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This paper presents a geoarcheological study on potential canal subsections present in the Roman-age Vecht branch of the Rhine-Meuse delta (the Netherlands).The first Roman canals in this delta were dug around 12 BC by Drusus, but their location has been the subject of debate since the 16th century, with various hypotheses proposed. Based on actual palaeogeographical knowledge of the Rhine-Meuse delta, the Utrechtse Vecht hypothesis is considered the most plausible. Within the study area, in the northern part of the Vecht system, natural sections of this river may alternate with possible artificial reaches, created at the time of Drusus.
Such artificial canals, being part of an otherwise natural channel belt system, can widen and deepen overtime, eroding all or most of the recognizable features associated with their original construction. As study area was chosen a relatively straight section of the Vecht between two former lakes. Two approaches were used. The first approach centred upon mapping channel morphology and recording sediment stratigraphy of the river deposits through detailed auger coring. Results corroborated the hypothesis of an originally straight feature (landform), confirming that it might have started life as a dug course, but not providing preserved archaeological remains of this stage. The second approach was chronological, whereby a programme of 14C dating was undertaken to refine the understanding of the origin and development of this reach of the Vecht, allowing earlier chronological investigations to be further contextualised and reassessed. A significant challenge to understand age control and floodplain evolution is the degradation of the top of the clayey peat that was observed below the levee deposits; this degradation is due to the lowering of groundwater levels and causes the end of peat growth to be dated as older than it actually is.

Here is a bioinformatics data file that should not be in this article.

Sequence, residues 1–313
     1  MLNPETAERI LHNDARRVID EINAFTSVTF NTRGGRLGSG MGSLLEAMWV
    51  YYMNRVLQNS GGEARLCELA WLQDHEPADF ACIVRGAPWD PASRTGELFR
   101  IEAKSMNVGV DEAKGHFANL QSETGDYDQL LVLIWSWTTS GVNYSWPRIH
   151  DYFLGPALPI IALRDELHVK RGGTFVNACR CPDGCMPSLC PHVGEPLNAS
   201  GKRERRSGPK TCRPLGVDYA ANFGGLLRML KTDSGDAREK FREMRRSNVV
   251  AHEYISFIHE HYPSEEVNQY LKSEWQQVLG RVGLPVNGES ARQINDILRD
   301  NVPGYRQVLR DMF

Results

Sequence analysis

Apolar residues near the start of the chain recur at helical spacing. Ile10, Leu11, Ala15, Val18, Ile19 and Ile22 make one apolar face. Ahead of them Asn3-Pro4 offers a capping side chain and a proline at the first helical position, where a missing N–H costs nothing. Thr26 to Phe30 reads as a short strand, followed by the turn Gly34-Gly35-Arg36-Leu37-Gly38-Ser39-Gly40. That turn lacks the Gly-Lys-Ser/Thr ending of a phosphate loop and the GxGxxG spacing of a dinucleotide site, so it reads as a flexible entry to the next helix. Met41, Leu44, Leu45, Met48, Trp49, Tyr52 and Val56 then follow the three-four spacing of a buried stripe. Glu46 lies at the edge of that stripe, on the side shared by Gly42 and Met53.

Using new radiocarbon dates we have reconstructed that the Overmeer-Nigtevecht reach of the Vecht between two former lakes started life as a straight channel. We have constrained its age to be closer to the time of Drusus’ activities (early Roman age). Although we have not found in situ remains of Drusus canal(s), these two new insights make the Vecht option, effectuated by a series of short canals, more likely to be the Drusus canal(s).
When talking about decisionmaking for children with a life-threatening condition, the death of children with brain tumors deserves special attention. The last days of the lives of these children can be particularly harsh for bystanders, and raise questions about the suffering of these children themselves. In the Netherlands, these children are part of the group for whom a wide range of end-of-life decisions are discussed, and questions raised. What does the end-of-life for these children look like, and what motivates physicians and parents to make decisions that may affect the life and death of these children? This article highlights the story of the parents of the sisters Roos and Noor. When both their daughters were diagnosed with a hereditary brain tumor, they had to make similar decisions twice. Their story sheds light on the suffering of children in the terminal phase, and how this suffering may motivate parents and physicians to make decisions that influence the end of life of these children’s lives.
We argue that complete knowledge about suffering in the terminal phase of children with brain tumors is impossible. However, by collecting experiences like those of Roos and Noor, we can move toward an experienced-based understanding and better guide parents and physicians through these hardest of decisions.